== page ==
If you gave a test to a million people and three-quarters of them flunked, would you attribute their failure to a lack of willpower or laziness? Or would you wonder if the test was flawed?
If the test measured the ability to lose weight, the results would parallel the failure rates for Americans who are trying to reduce their girth. According to the 2012 Food & Health Survey conducted by the International Food Information Council Foundation, 77 percent of Americans are trying to lose weight or avoid gaining weight. Despite their efforts, nearly 70 percent of Americans are overweight or obese.
For the most part, the test takers do not blame others for their failure; they blame themselves. Desperate to succeed despite a history of dangerous scams and diet schemes, consumers continue their search for a magical solution to weight loss and willingly throw money at the problem. Growing at an annual rate of nearly 11 percent for the past five years, the market for weight-loss products (food, drugs, supplements, services, ingredients, devices, accessories and cosmetics) in 2014 is projected to reach $586 billion.
So why is it so difficult to lose weight? Obesity psychologist Jim Keller asserts that the human body and brain are designed to eat — thus explaining why losing weight proves so challenging for so many.
Keller, who has conducted 14,000 psychological interviews of individuals considering bariatric surgery, says that the causes of obesity are complex. Obesity is not simply a function of laziness or an indication of emotional instability. In addition, genetic and biological factors do not act in isolation but are constantly interacting with an array of environmental factors. Keller notes that both the availability and persuasive advertising of unhealthy food contribute to the obesity epidemic.
While external and genetic factors play a role, no one questions that individuals are in charge of their daily decisions about what and how much to eat. So once we make up our minds to change a habit, why do we find ourselves falling back into old ones? Why can’t we simply make a decision and get on with it? What puzzles and frustrates many trying to lose weight is why changing one’s eating habits is so darn hard.
According to Dr. Howard Rankin, an expert on behavioral change, a key part of the problem is that we believe we have more control over our behavior than we really do. Stress, anxiety, and addiction can limit the conscious control we have over our choices. Dr. Rankin asserts:
What drives our behavior is not logic but brain biochemistry, habits and addiction, states of consciousness and what we see people around us doing. We are emotional beings with the ability to rationalize — not rational beings with emotions. If we are stressed, depressed or addicted, no matter how good the advice we are given, chances are that we will not be able to act on it. The more primitive, emotional brain generally has precedence over the newer, more rational brain.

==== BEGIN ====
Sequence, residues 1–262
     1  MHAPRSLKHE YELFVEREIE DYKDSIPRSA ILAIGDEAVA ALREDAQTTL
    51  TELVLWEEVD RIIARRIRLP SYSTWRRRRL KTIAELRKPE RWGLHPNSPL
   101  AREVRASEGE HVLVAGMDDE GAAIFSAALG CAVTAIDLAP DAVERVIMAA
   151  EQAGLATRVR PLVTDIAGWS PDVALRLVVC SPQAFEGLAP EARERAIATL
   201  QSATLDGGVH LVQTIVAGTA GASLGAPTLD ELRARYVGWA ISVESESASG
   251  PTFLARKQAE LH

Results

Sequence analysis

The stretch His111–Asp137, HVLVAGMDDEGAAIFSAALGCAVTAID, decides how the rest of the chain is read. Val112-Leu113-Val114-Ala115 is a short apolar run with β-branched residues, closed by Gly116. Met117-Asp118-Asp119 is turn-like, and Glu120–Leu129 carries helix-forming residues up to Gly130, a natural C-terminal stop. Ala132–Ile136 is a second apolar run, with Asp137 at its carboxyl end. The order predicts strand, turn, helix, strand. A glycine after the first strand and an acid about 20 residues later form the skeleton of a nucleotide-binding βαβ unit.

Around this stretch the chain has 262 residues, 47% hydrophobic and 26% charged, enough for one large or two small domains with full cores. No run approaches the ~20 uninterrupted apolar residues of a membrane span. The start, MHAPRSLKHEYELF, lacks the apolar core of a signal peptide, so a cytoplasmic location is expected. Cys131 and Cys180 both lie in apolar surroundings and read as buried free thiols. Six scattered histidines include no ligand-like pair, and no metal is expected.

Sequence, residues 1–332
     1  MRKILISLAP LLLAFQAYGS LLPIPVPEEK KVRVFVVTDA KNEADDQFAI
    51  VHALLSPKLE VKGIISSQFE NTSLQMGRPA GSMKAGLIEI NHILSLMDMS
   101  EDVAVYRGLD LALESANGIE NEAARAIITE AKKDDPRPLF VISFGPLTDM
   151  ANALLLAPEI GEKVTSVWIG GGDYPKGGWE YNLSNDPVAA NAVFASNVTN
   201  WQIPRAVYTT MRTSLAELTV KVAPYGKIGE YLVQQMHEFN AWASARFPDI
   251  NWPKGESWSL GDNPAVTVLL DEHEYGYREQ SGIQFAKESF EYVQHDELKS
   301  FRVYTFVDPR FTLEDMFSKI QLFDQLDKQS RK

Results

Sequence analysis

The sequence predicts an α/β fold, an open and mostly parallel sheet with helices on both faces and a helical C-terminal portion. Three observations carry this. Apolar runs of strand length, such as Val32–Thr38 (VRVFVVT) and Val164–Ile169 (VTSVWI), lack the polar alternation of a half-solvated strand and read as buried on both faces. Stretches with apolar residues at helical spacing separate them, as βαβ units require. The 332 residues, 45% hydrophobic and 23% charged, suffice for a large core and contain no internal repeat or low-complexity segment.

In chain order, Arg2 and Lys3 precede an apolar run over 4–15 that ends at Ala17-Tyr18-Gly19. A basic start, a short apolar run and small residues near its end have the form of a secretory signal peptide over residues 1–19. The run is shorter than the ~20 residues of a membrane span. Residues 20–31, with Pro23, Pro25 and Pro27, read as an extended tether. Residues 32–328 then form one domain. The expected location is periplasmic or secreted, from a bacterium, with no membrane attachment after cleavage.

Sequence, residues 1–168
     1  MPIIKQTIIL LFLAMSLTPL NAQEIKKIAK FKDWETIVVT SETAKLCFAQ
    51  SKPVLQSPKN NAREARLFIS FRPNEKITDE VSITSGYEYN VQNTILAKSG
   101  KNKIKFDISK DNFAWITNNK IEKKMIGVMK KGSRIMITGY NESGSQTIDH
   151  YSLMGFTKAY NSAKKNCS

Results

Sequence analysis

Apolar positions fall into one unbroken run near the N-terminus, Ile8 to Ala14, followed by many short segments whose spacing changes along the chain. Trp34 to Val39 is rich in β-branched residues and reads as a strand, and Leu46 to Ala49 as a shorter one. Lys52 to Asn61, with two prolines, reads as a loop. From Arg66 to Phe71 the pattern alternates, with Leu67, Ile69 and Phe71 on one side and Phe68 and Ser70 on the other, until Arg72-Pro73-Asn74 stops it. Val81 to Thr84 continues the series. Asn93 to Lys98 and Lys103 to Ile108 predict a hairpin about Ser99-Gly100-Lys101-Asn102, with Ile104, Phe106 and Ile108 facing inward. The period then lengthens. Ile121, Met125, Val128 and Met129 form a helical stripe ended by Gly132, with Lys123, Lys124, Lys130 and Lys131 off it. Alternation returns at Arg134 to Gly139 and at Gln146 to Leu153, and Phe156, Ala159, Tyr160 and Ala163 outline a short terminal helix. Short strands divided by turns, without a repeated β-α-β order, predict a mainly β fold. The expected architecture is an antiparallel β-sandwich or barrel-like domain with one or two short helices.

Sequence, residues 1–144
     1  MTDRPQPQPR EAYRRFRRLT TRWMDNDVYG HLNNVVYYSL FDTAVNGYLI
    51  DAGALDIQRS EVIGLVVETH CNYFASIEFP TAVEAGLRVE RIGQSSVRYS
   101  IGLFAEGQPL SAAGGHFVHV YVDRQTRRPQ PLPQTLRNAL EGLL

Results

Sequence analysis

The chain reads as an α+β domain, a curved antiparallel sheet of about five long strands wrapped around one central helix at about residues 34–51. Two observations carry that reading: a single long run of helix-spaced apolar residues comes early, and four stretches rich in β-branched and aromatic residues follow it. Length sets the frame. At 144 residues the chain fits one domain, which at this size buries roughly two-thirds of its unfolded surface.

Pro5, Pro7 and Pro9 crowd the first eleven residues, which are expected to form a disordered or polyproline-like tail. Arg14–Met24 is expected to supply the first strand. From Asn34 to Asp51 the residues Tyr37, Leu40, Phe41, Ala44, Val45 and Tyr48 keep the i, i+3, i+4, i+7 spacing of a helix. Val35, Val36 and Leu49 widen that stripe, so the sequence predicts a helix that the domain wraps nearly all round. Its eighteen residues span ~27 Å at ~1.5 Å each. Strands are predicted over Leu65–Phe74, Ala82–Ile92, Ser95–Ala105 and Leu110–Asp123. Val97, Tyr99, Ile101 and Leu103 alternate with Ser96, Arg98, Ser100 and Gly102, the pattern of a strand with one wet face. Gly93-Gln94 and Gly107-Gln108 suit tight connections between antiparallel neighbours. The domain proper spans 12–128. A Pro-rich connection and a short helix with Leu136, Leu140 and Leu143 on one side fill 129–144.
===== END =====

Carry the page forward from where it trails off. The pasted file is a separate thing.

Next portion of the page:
But even if we removed those individuals who are stressed, depressed or addicted from the test group, we still would be left with a large population of individuals who are unable to stick with their resolve to lose weight.
One possibility is that I have multiple personalities. Another is that resolve is not constant. According to Dr. Rankin, resolve ebbs and flows like the tide. One moment we can be fired up to be mindful of our eating, but in the next instant, our mood, our state of consciousness or the context has changed. Much to our chagrin, we find ourselves indulging in unhealthy treats.
Dr. Rankin also has a healthy respect for people’s extraordinary ability to rationalize almost any behavior. We can persuade ourselves to do almost anything we want to do — especially when the behaviors are ones that our brains are used to doing. But trying to persuade ourselves to do things that we don’t really want to do — behaviors our brain is not used to — is not easy. We are very adept at making wonderful (and plausible) excuses as to why we can’t do what we don’t want to do.
Dr. Rankin reminds us that, for better or worse, our core, emotional values will ultimately determine our choices. Once we identify our heartfelt desires, we can use them to create a healthy lifestyle that reflects our best self. Our deepest values can be summoned to keep us on track, especially when we are facing temptations and distractions. They can also serve as our compass when we go astray.
If we are willing to remain diligently committed to our emotional values, we can be confident that we will succeed in realizing our health and fitness goals. And when we do, maybe some of us will go one step further and give support to family and friends so that they can join us in becoming healthier and happier.